A look at some popular movies produced in different European countries reveals a fascinating mixture of themes. If you want to get a glimpse of a country’s culture and way of thinking, the following films are good places to get started.
La Vita è Bella (Italy)
Translated to English as Life is Beautiful, this extraordinary 1997 Italian comedy-drama won the hearts of millions of movie-lovers all over the world. It was directed and co-written by Roberto Benigni, who also stars as Guido, a Jewish Italian who tries to hide the true nature of a concentration camp from his son. He partly based it on the light-hearted stories his father told him to lessen the impact of the war.
It remains one of the highest-grossing non-English movies in the US and earned some $230 million around the globe. Life Is beautiful also won a string of prestigious awards such as three Academy Awards, a couple of European Film Awards, and the Grand Prix at the festival in Cannes. Interestingly, the version in Italian with English subtitles proved more popular than the version dubbed into English.
In this Pedro Almodóvar movie from 2006, Penélope Cruz stars alongside Carmen Maura, Blanca Portillo, and Yohana Cobo, among others. It tells of a group of women in La Mancha who struggle to keep their family together amid issues such as domestic abuse, death, and ghosts, all carried out in a captivating magic realism style.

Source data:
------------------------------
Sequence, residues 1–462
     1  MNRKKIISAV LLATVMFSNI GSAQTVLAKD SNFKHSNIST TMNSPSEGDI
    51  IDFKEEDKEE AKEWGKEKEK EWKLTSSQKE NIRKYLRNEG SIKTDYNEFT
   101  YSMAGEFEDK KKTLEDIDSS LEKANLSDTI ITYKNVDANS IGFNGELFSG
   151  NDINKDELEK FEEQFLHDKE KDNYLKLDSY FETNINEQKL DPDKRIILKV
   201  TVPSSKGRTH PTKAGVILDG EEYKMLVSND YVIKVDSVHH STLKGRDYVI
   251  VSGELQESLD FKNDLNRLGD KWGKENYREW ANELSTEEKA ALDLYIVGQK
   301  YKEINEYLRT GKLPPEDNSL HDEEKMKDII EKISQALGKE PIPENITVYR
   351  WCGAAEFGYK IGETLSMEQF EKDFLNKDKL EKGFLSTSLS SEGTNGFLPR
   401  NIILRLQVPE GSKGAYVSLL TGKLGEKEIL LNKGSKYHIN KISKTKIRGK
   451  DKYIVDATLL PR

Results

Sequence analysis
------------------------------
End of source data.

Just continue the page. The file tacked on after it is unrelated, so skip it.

After winning two awards at the 2006 Cannes Film Festival, the movie made history when Cruz became the first Spanish woman to be nominated for the Best Actress Acadamy. Volver translates as “to go back” and one of the movie’s highlights is when Cruz’s character sings the famous song of the same name. The song was originally a tango classic sung by Carlos Gardel, and the version in the film is performed by Estrella Morente.
Amors Baller (Norway)
This 2011 movie is a comedy directed by Kristoffer Metcalfe, with the title translating as Cupid’s Ball. It follows the fortunes of a teenager who moves from Sweden to Norway and falls in love with the girl who plays as the goalkeeper of the local female soccer team. He tries to win her over by playing for the local male team in the Norway Cup. The movie was partially financed by the Norwegian Film Institute and featured numerous actors with little experience.
It is an interesting glimpse at the popularity of soccer in Norway, as well as a classic coming-of-age romance. We can see more about this country’s love of the sport with this blog that covers soccer matters such as stadium redevelopments and upcoming tournaments. There is a strong focus on the EPL, but movies like this should help to raise interest in the Norwegian Eliteserien league. Some fans may even consider the betting markets to get further involved with the community.
O Thiasos (Greece)
We need to go back to 1975 for the release of this movie from Greece. Directed by Theo Angelopoulos, it runs for close to four hours and shows the viewer how itinerant actors travel the country looking for any sort of work. Set during and just after the Second World War but including elements of mythology, The Travelling Players is widely regarded as one of the best Greek movies of all time.
These films offer us a way of seeing different themes and ways of viewing everyday life that we don’t always come across in English-language movies, making them a strong starting point for understanding a new culture.